It’s been over a decade Passed since Renewable fuel standard The 2007 energy bill was greatly expanded. The federal mandate requires 36 gallons of biofuel (primarily corn ethanol) to be mixed with American gasoline and diesel by 2022. The policy has been dominated for small petroleum refiners in recent news, with a history of damaging the fuel standard to a wide range of stakeholders including federal taxpayers. Joined a long list of Weird bedflow Taxpayers for Common Sense, including small engine manufacturers, consumer advocates, the food industry, anti-hunger groups, environmentalists and livestock groups, believe that the biofuel mandate has done more harm than good for most – except for one notable exception. , Excluding corn growers.
Unfortunately, there has been a recent debate in Washington Ignored most of these interested partiesInstead of focusing on the future of the standard, the fight between the oil and corn industries. The oil industry, representing “bound parties”, or required to follow the standard, indicates a high cost for a renewable identification number (a unique number is assigned to each gallon of biofuel produced, which is then purchased. Can be sold or traded) recent reason Bankruptcy Of Philadelphia Energy Solutions. As an independent merchant refiner, Philadelphia Energy Solutions purchases renewable identification numbers to meet fuel standard requirements rather than blending ethanol with gasoline.
Sen. Ted Cruz, a Republican opponent of both ethanol subsidies and a renewable fuel standard from the oil-rich state of Texas, confirmed the Undertakery of the U.S. Department of Agriculture for months until securing a White House meeting on the issue. Last week, Cruz and three other senators from the oil and corn states met with White House officials to try to compromise on some administrative reforms. Another meeting took place with the oil and biofuels industries, including representatives from two ethanol and biodiesel facilities, which have received at least $ 24 million in taxpayer subsidies from 2009-16 through the Department of Agriculture. Bioenergy Program for Advanced Biofuels. Attendees reportedly discussed capping identification number prices in exchange for a one-year discount Of E15, Or 15 percent ethanol (most gasoline is currently mixed with E10 – 10 percent ethanol). Sales of the Summertime E15 are prohibited due to ozone concerns – not to mention liability issues with the E10 – E15 and restrictions on its use in older vehicles and small engines.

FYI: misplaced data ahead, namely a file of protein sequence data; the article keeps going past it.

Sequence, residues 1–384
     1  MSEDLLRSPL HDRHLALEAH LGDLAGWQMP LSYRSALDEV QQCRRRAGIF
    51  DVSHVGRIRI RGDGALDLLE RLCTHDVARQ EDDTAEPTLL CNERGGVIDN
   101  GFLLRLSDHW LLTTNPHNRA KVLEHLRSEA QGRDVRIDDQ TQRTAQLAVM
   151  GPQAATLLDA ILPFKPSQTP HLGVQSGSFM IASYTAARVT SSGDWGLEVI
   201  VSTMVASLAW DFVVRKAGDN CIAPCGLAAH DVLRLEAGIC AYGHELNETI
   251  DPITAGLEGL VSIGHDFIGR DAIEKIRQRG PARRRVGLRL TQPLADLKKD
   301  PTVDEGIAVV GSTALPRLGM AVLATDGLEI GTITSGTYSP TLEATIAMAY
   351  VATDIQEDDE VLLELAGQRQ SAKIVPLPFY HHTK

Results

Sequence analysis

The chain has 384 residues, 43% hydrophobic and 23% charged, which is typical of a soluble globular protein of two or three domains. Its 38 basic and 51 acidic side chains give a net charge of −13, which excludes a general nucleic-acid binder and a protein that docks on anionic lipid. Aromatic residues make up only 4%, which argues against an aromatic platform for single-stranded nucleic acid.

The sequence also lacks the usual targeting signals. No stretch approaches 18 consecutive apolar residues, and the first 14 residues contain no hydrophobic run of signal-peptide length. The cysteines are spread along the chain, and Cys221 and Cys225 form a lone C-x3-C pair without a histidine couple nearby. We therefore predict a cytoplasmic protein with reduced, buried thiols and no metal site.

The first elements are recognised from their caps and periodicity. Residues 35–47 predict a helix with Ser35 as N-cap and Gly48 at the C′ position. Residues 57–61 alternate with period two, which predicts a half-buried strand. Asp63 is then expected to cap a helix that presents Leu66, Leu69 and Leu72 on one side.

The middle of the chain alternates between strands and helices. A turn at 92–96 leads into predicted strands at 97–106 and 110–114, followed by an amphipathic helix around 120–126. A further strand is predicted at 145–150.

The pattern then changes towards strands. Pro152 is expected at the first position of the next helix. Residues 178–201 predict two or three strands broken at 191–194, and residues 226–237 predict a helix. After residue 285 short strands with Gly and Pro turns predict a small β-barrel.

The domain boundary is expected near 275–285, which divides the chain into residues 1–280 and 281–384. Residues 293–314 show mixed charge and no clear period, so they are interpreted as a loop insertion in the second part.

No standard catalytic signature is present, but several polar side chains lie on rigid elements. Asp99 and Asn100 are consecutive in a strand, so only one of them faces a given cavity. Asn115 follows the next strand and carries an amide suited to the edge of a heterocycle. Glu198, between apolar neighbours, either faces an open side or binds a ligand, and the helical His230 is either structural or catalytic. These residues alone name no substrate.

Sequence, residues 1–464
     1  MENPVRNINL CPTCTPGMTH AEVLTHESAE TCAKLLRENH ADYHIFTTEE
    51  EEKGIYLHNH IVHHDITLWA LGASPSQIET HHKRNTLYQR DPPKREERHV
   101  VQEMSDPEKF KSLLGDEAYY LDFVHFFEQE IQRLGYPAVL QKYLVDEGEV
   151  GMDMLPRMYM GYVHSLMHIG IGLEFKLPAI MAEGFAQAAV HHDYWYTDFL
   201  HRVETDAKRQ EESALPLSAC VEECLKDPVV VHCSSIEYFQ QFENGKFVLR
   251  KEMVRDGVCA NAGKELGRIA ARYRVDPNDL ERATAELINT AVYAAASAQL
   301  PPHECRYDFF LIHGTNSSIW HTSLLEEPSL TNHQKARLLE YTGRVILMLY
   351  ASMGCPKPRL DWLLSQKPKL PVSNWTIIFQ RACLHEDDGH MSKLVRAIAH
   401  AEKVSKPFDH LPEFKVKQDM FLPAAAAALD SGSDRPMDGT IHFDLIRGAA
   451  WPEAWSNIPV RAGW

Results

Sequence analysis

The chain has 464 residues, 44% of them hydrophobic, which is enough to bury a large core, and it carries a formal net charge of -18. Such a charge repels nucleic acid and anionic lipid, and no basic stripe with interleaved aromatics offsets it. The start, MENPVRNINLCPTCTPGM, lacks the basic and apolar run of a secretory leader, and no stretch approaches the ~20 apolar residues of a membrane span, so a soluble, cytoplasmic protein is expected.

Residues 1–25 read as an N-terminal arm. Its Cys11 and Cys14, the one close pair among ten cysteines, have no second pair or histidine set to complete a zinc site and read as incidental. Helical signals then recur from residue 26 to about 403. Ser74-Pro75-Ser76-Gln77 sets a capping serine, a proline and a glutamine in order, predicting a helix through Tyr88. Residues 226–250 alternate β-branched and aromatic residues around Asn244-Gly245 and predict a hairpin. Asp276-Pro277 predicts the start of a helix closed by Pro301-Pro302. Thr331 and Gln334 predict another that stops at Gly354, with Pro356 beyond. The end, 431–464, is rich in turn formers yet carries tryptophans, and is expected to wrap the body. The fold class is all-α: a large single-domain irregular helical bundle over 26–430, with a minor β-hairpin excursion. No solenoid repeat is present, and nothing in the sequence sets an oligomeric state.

The corn and ethanol industries have so far been reluctant to accept low renewable identification number costs for year-round E15 sales. University of Illinois The oil industry will benefit more than corn if these administrative changes are implemented in tandem. Iowa GOP Sen. Chuck Grassley indicated after last week’s meeting that participants agreed to study the economic impact analysis of these proposals.
The problem with this approach is that it considers only one sample of the negative effects of the renewable fuel standard. The oil and corn industries may be the most politically powerful interests related to this policy, but policymakers need to assess the full history of the standard, which expands on higher costs. poor, Taxpayers, Small engine Owners and consumers alike. In 2008, the former Texas Government. Rick perry (Now Secretary of Energy) requested that the Environmental Protection Agency meet the requirements of the renewable fuel standard due to high food prices (as most biofuels are produced from food-based feedstock such as corn and soybeans). In 2012, Perry and 10 other governors Divers requested the corn ethanol mandate given the historic US drought and its impact on record corn prices. And earlier this year, Democratic Village. Carney of Delaware In its own and other states requested a renewable fuel standard exemption due to higher costs for refiners.
For many years, my organization has worked closely with broad stakeholders, from oil refiners, to grocers, conservationists, anti-poverty policy victories and more, to work for everyone. Policy makers need to engage a wide range of stakeholders to adopt the same approach and fully assess the policy failures and the most promising opportunities for improvement over the past decade. Only then a comprehensive solution can be found.